It was a beautiful moment and a wonderful expression of understanding and love.

It was a moment in history that will never be repeated in quite the same way by these little kindergarten students.  But its meaning will carry forward and hopefully, they will all be involved in situations where love and understanding are given and received.

Today’s lesson from Acts, I suggest is also a “moment in history” that will not be repeated in exactly the same way but will introduce a conviction and a presence that has extended through the centuries and is with us today.

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Epiphany 3, 2022 – Sermon

Audio recording of this sermon

Date:  January 22, 2023
Scriptures:  Romans 12:16-21 and Matthew 8:1-13
Prepared by Henry Friesen

Let the words of my mouth and the meditation of our hearts together, be acceptable in Your sight, O Lord, our strength and our redeemer.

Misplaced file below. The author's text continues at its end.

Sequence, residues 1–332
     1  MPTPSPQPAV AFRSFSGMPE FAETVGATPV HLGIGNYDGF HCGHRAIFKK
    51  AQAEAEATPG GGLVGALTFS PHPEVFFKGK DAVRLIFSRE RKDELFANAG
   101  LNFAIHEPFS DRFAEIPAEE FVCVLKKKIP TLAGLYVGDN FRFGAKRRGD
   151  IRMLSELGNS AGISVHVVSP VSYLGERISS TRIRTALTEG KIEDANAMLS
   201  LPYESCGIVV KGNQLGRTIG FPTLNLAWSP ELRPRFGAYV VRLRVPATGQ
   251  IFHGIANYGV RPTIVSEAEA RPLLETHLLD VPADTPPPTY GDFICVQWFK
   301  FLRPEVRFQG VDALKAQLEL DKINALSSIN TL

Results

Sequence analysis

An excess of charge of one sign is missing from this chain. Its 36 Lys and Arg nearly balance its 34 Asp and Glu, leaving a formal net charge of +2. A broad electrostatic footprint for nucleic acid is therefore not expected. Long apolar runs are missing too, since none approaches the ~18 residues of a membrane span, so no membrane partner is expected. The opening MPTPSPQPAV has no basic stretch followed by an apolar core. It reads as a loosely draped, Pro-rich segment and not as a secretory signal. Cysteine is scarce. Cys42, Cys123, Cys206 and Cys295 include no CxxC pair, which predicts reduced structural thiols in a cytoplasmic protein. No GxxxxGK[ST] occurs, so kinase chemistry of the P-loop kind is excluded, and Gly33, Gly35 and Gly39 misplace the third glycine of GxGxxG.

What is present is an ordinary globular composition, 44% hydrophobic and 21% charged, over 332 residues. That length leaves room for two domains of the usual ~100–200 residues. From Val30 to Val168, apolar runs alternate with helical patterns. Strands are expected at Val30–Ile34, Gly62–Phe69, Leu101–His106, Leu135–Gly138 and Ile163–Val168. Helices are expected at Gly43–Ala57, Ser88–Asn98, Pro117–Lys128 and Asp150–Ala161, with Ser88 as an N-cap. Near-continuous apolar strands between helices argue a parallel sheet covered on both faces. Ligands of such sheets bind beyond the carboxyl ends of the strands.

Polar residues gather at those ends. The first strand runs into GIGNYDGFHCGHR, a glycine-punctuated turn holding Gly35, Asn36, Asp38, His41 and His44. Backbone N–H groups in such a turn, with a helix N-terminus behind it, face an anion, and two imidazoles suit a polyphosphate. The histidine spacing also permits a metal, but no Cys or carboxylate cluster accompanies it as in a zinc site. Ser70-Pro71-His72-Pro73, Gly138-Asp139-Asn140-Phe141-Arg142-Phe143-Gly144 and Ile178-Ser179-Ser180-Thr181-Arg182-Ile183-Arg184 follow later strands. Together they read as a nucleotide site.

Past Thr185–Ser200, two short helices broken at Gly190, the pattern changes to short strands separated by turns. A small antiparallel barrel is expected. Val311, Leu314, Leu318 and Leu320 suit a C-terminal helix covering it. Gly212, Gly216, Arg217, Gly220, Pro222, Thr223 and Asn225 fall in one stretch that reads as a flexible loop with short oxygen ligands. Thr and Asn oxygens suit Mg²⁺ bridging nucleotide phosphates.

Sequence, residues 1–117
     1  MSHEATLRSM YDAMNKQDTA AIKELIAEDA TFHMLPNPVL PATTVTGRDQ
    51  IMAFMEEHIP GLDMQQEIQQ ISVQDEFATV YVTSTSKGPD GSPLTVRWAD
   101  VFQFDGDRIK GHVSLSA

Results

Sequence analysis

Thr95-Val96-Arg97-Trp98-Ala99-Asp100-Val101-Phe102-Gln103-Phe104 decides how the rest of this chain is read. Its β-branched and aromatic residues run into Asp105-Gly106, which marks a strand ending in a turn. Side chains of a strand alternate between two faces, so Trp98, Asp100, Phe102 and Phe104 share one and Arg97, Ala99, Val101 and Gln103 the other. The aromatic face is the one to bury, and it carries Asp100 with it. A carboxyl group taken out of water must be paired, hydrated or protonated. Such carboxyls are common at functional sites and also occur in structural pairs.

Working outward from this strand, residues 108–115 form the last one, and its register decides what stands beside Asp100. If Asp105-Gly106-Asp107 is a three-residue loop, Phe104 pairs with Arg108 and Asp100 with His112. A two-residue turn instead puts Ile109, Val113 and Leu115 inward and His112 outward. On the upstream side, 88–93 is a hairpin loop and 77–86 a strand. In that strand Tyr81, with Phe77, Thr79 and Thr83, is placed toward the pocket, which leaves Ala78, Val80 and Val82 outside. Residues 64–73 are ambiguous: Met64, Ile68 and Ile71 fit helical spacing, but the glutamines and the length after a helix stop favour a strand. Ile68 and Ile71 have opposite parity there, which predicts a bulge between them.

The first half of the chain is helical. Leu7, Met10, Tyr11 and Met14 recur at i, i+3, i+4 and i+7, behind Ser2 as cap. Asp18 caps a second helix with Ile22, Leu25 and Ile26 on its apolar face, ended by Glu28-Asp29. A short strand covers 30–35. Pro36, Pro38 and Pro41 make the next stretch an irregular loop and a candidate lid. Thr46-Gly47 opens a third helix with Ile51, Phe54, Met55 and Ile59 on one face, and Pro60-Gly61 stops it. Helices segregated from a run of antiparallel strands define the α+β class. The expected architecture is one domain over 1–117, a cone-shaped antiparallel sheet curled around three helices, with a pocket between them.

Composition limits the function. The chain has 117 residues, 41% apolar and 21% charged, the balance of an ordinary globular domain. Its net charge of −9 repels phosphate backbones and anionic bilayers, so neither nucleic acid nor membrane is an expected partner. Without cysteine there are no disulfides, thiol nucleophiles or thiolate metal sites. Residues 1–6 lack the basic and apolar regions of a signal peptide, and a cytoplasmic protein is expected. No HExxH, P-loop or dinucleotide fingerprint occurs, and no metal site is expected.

​A couple of years ago now we all became aware of Zoom or a similar computer App that would allow us to have a conversation or a meeting with people right from our own home. The camera on the computer allowed the other person to see us and see the room we were sitting in. It was quite a new idea but of course with Covid restrictions in place, it caught on very quickly. I remember then that one day in the on-line news there was an example of such a conversation:  a man was sitting at his computer, talking to his boss or perhaps colleague about business matters related to his company’s plans and policies. It was obviously important work and necessary but suddenly in the background, a young child entered the room and said something like “Daddy I need help!” In that moment everything changed: for a while the man and even us who were watching this little video clip were interested in this new phenomena of communicating virtually and working from home and the next moment we were part of a small human drama in the life of a father and his child. Both aspects of that scenario were important but very different. It was important for the man to participate in his work but equally important to be a Dad to his child.